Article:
The different blocks of musicality have different affective qualities. The drop combines anticipation and a pitch of intensity. Anticipation can have negative affective qualities (dread) and positive (‘excitement’), with popular music associated with the latter. The distribution of the drop as a differentially repeated block of musicality is also a distribution of these affective qualities through the communities of practice (online, clubs, etc.). If this seems like an overly convoluted way of saying that beats are dropped in clubs, you’d be right, but I am not (only) saying that. I am suggesting that ‘the drop’ cuts across music, the bodies of listeners and the discourses of music reception (Pitchfork, or any number of other music appreciation sites).

There is a transversality to these blocks of musicality that transcends a purely musical interpretation of them. What if ‘the drop’ became popular not because of the sonorous dimension of its musicality, but because of the shared (ie social) distribution of anticipation and pitch of intensity felt that moves across a community of listeners? You not only ‘hear’ the drop, to paraphrase Adorno, you ‘hear’ the everyone-else-hearing-it. There is a social dimension of the block of musicality present in every ‘drop’. I could imagine a ‘media archeaology’ of such blocks of musicality, as a way to examine the composition of power relations characterising popular music scenes (as well as Straw’s categories such as nostalgia, etc.). The social dimension of ‘the drop’ is accidently captured in the above quoted Urban Dictionary definition. So beyond academic research, what if you could analyse the character of ‘the drop’ not in strictly musical terms, but in terms of its musical capacity for sociality as a predictor of popularity?

The possibility of data-driven music journalism?

There is UPlaya that carries out an algorithmic analysis of music submitted to compare it to previous ‘hits’ to assess whether or not it fits with its predictions of success based on previous popular music. The big player in parsing music and a great deal of associated material is The Echo Nest API. The Echo Nest is described as a ‘music intelligence platform’ and boasts 5 billion datapoints with 30 million songs and 1.5 million artists. Here is a Slideshare presentation where one of the creators of Echo Nest walks through its creation and the “pitfalls and promise of music data”. One of the more amusing uses of the Echo Nest API is this project called The Pitchfork Effect. The project in itself is very cool. I find it amusing that data analysis tools are being used to analyse the qualitative process of judging music and sound aesthetics (as well as whole range of other issues to do with political economy of music, i.e. ‘indie’ used to mean something beyond an aesthetic/marketing category). But I am thinking of something else.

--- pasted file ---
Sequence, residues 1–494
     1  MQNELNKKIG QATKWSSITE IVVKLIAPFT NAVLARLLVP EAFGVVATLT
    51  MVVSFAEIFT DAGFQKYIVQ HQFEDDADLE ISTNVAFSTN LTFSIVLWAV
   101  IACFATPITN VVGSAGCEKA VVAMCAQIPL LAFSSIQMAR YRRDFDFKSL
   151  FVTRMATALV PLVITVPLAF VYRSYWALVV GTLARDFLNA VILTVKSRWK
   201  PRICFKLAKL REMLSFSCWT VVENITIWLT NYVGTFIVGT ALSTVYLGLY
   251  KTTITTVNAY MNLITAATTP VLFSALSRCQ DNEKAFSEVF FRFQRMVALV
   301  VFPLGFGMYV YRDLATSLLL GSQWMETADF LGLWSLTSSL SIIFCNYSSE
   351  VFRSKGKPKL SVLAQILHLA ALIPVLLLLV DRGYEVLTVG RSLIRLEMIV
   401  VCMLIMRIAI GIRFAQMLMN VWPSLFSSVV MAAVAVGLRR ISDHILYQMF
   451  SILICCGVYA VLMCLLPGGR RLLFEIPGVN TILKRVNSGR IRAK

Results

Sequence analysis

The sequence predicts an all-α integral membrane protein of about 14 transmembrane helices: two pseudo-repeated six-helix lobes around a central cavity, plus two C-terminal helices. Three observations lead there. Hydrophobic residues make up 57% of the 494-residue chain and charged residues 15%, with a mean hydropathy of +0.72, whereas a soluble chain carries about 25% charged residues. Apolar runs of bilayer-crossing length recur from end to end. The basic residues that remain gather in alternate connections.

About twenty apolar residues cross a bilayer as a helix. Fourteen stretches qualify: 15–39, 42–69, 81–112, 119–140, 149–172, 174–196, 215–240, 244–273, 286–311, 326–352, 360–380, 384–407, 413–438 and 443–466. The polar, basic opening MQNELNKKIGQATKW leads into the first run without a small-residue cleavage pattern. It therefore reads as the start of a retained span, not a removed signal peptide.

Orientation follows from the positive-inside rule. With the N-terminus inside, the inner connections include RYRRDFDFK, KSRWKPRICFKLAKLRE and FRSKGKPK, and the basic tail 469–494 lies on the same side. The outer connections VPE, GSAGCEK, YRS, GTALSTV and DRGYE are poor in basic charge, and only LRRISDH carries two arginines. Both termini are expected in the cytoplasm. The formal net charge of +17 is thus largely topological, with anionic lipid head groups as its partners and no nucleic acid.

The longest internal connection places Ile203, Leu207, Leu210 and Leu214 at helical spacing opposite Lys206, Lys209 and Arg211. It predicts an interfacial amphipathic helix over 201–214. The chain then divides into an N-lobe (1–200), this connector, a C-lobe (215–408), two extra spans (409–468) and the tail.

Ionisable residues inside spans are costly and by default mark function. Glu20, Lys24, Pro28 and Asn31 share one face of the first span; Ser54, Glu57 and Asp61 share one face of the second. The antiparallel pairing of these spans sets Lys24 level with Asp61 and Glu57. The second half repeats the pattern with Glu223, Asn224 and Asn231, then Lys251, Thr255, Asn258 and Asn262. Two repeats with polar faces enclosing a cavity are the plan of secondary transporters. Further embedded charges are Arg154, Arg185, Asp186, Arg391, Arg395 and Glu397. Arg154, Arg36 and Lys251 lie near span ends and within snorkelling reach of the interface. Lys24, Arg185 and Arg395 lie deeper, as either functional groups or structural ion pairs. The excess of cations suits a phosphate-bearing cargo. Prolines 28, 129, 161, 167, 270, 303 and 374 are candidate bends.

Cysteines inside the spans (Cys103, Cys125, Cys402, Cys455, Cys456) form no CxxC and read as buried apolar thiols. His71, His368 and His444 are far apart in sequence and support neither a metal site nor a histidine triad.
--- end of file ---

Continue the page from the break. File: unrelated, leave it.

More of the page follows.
Say, for example, I wanted to analyse Skrillex’s music and reception through the concept of ‘the drop’. Is an algorithmic analysis of his music tracks possible, in terms of when each track ‘drops’ and the quality of the ‘drop’? Certainly. It would be a question of exploring the relation between the anticipatory build up (‘intro’) and then ‘drop’ when the beat kicks. I’m interested in not only an analysis of the music itself but locate the music in patterns of reception. The question here would be, how does ‘the drop’ ‘drop’ (in communities of music listening practice)? Similar to Skrillex’s computational music producing ‘drops’, this would be a computational music journalism analysing meta-drops. (::diabolical cackle::)

Data could be gathered a number of ways including by way of doing a basic sentiment analysis of online commentary about the quality of the drop or number of ‘plays’ of a given track through online sites such as Last.FM. Combining both sets of data we could look for patterns/correlation between the qualitative reception of the socio-musicological ‘drop’ and the algorithmic analysis of the ‘drop’ as a block of musicality. The thesis could be tested against historical examples of ‘riffs’ and so on using different algorithmic measures for a media archaeology of such transversal ‘blocks of musicality’.